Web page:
Bentley gig raises almost $500K for Arizona firefighters' families
Tuesday, July 23, 2013
– A benefit concert last night organized by Dierks Bentley raised almost $500,000 for the families of the 19 firefighters who died in Arizona fighting wild fires.
Bentley staged the Country Cares Concert at Tim's Toyota Center in Prescott Valley, Ariz. for the families of the Granite Mountain Hot Shots.
With just over a week to organize the event, Arizona native Bentley led the charge to raise more than $476,000 with the help of The New KMLE Country @ 107.9, 92.9 KAFF Country and The Band Perry, Randy Houser and David Nail.
Family members of the 19 firefighters and the sole surviving firefighter were in attendance.
Bentley honored the fallen firefighters with a photo tribute during his first-ever performance of brand new song Here On Earth and kicked off a special version of Home with a bagpipe intro by the Rural Metro Pipe and Drum Corp.
All money raised from the event will go to the United Phoenix Firefighters Charities who will directly distribute to the families of the 19 fallen firefighters.
More news for Dierks Bentley
CD reviews for Dierks Bentley
Change was in store for Dierks Bentley when it came to recording his seventh album, "Riser." On the personal front, he lost his father and added to his family, clearly affecting the subject matter of his latest. On the musical front, he traded long-time producer Brett Beavers, producer of every disc except "Up on the Ridge," for Ross Copperman, who has enjoyed more success as a writer, including several previous tracks for Bentley.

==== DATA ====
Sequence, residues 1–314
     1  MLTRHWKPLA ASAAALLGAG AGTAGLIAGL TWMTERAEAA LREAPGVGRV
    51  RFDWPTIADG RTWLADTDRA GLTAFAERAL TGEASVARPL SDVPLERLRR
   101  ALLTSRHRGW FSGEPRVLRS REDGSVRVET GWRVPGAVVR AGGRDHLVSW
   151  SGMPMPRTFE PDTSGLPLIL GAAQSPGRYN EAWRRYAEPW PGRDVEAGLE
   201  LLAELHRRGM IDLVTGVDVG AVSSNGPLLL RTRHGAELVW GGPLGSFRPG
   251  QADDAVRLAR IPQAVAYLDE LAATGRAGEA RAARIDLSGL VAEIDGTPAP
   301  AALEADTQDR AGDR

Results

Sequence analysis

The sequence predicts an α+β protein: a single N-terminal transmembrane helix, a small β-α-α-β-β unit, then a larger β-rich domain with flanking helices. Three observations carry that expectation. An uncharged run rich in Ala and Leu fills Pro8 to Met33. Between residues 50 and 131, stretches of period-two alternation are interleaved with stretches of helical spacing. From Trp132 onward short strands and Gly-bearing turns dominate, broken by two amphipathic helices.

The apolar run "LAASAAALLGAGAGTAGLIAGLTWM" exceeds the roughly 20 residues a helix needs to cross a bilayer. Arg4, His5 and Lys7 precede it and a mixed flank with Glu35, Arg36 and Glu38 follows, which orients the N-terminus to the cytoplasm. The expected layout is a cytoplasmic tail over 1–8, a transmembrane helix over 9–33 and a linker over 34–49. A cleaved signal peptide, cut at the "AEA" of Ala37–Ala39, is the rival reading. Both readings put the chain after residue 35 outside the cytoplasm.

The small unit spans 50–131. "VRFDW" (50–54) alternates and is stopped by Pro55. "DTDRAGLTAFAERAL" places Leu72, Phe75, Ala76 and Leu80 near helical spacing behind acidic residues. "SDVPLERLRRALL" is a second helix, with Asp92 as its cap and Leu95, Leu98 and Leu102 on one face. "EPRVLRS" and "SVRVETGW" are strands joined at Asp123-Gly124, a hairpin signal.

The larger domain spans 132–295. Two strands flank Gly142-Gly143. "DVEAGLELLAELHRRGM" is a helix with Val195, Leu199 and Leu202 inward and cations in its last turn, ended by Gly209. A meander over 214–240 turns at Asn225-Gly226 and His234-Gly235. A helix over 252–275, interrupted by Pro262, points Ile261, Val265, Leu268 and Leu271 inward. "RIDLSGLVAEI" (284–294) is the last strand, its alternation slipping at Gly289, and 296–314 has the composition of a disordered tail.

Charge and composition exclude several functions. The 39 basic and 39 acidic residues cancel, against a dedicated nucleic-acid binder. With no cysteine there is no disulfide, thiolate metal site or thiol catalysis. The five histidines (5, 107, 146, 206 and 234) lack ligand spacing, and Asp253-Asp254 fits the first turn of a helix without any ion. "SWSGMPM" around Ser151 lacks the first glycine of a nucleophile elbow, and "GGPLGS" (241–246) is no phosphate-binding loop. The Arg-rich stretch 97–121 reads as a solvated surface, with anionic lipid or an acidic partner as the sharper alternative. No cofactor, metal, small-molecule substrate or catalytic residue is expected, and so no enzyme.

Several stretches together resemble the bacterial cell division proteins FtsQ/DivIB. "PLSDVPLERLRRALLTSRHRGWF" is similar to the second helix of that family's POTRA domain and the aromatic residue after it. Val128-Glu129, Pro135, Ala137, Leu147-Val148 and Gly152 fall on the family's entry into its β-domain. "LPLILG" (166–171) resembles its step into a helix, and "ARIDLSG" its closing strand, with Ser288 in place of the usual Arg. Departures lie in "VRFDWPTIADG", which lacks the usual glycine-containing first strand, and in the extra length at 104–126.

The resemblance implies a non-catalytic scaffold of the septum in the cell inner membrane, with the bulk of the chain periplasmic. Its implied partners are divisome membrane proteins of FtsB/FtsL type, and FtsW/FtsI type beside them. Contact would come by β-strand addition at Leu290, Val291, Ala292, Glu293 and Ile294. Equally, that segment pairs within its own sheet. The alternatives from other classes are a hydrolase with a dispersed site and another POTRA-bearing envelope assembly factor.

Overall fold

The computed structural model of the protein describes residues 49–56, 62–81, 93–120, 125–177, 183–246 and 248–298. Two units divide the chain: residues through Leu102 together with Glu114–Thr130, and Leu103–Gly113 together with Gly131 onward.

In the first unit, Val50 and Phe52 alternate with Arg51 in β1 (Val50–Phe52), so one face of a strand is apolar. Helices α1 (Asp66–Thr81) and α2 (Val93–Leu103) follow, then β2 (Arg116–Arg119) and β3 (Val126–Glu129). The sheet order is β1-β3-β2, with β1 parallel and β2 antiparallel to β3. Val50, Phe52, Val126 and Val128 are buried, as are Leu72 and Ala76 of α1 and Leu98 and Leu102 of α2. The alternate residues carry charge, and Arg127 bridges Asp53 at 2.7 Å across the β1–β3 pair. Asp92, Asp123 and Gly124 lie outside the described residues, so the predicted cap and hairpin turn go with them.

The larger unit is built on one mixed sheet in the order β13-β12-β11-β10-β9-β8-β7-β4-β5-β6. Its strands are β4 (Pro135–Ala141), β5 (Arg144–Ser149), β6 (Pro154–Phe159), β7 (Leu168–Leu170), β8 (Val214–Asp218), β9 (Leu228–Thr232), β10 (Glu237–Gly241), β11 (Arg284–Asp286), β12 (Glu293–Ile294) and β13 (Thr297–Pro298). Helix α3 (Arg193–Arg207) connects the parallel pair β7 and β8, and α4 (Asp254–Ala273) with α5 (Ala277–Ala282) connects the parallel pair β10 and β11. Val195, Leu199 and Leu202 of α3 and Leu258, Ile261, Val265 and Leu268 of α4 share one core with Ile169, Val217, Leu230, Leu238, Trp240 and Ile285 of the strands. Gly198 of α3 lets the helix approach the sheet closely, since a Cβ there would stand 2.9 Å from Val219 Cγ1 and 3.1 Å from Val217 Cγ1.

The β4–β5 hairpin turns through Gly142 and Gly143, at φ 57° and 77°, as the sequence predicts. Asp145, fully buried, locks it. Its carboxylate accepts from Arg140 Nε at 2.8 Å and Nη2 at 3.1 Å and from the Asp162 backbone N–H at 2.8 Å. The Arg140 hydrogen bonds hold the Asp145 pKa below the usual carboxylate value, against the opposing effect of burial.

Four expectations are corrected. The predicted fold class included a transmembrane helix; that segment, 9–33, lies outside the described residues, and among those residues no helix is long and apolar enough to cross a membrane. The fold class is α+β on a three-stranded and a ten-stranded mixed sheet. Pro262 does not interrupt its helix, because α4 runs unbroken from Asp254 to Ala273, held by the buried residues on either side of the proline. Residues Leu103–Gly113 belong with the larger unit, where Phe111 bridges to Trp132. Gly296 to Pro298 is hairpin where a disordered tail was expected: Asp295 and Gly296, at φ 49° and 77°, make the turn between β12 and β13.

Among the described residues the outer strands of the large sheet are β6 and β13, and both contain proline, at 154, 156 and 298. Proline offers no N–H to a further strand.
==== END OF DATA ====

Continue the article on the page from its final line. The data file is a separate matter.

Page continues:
Bentley embraces current trends in country »»»
Up on the Ridge
Dierks Bentley takes a left, turn, sort of, on his fifth studio disc. Bentley has built a solid reputation as a country artist with a slew of hits and catchy songs with edge. But here, Bentley goes bluegrass or at least 12 songs steeped in that sound. This is nothing new for Bentley, who previously has recorded bluegrass songs.
Much to his credit, Bentley does not come off as a dilettante, but, instead, someone who feels comfortable with the music from the lead-off title track to the closing sad »»»
Feel That Fire
Like it or not, music is a business. And when an artist as vital to the country world (so-called commercial country and beyond) as Dierks Bentley releases a new record, you can be sure that somewhere, someone in a suit is looking at graphs. So, in that unholy spirit, let's look at "Feel That Fire" in those terms. If it were a pie chart, it'd be dominated by two equally big old slices, one labeled Rockers and one labeled Ballads. The songs making up the former never fail to work »»»
Editorial: Walking the talk
When names like Hank Williams, Johnny Cash, Waylon and the Hag are invoked, you're talking hard core country. These are the touchstones of country , the guys who made country music what it was and still is (or maybe can be). When these folks would sing about being down-and-out and the rough-and-tumble, they knew of what they were singing about. Fast forward a few years to the country singers of today. »»»
Concert Review: For McCoury, Grisman, music still matters
One condenser microphone, a music stand, a mandolin, rhythm guitar and more than 100 years of bluegrass experience: that's all David Grisman and Del McCoury need to put on a show.
It's quite a show, too. The artists' backstories are well known: McCoury was a logger in Lancaster County, Pa., who came to New York City to see Bill... »»»
Concert Review: Ely wears well
Joe Ely is the prototypical rambler. It comes through in his music and in his life. There are lots of elements in the music about travels, riding the rails, small town scenery and getting away from it.
In fact, after playing "I'm Gonna Strangle You Shorty" as the first song of his encore, Ely opined, "The only thing I got out of... »»»
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